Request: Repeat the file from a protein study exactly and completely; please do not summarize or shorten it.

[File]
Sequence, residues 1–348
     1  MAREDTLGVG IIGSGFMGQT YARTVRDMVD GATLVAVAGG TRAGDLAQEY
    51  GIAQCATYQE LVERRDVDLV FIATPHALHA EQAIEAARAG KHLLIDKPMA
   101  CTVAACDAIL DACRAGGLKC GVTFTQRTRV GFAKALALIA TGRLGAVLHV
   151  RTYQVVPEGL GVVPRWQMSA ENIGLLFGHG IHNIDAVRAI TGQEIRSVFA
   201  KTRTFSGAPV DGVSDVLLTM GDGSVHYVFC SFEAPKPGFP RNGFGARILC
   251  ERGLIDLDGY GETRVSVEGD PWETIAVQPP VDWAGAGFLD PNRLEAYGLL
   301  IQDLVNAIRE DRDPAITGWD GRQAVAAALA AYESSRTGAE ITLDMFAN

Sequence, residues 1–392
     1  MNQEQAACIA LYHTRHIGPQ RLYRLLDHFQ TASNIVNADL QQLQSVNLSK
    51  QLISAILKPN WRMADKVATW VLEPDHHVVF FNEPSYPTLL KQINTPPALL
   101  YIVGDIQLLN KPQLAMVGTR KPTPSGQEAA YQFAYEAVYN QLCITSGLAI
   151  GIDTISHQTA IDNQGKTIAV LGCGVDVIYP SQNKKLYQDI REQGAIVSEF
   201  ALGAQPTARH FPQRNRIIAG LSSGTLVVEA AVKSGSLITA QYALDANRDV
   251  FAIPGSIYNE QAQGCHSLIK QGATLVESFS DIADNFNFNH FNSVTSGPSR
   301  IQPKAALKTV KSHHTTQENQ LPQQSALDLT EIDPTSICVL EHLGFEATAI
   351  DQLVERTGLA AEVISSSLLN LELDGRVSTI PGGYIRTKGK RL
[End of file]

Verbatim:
Sequence, residues 1–348
     1  MAREDTLGVG IIGSGFMGQT YARTVRDMVD GATLVAVAGG TRAGDLAQEY
    51  GIAQCATYQE LVERRDVDLV FIATPHALHA EQAIEAARAG KHLLIDKPMA
   101  CTVAACDAIL DACRAGGLKC GVTFTQRTRV GFAKALALIA TGRLGAVLHV
   151  RTYQVVPEGL GVVPRWQMSA ENIGLLFGHG IHNIDAVRAI TGQEIRSVFA
   201  KTRTFSGAPV DGVSDVLLTM GDGSVHYVFC SFEAPKPGFP RNGFGARILC
   251  ERGLIDLDGY GETRVSVEGD PWETIAVQPP VDWAGAGFLD PNRLEAYGLL
   301  IQDLVNAIRE DRDPAITGWD GRQAVAAALA AYESSRTGAE ITLDMFAN

Sequence, residues 1–392
     1  MNQEQAACIA LYHTRHIGPQ RLYRLLDHFQ TASNIVNADL QQLQSVNLSK
    51  QLISAILKPN WRMADKVATW VLEPDHHVVF FNEPSYPTLL KQINTPPALL
   101  YIVGDIQLLN KPQLAMVGTR KPTPSGQEAA YQFAYEAVYN QLCITSGLAI
   151  GIDTISHQTA IDNQGKTIAV LGCGVDVIYP SQNKKLYQDI REQGAIVSEF
   201  ALGAQPTARH FPQRNRIIAG LSSGTLVVEA AVKSGSLITA QYALDANRDV
   251  FAIPGSIYNE QAQGCHSLIK QGATLVESFS DIADNFNFNH FNSVTSGPSR
   301  IQPKAALKTV KSHHTTQENQ LPQQSALDLT EIDPTSICVL EHLGFEATAI
   351  DQLVERTGLA AEVISSSLLN LELDGRVSTI PGGYIRTKGK RL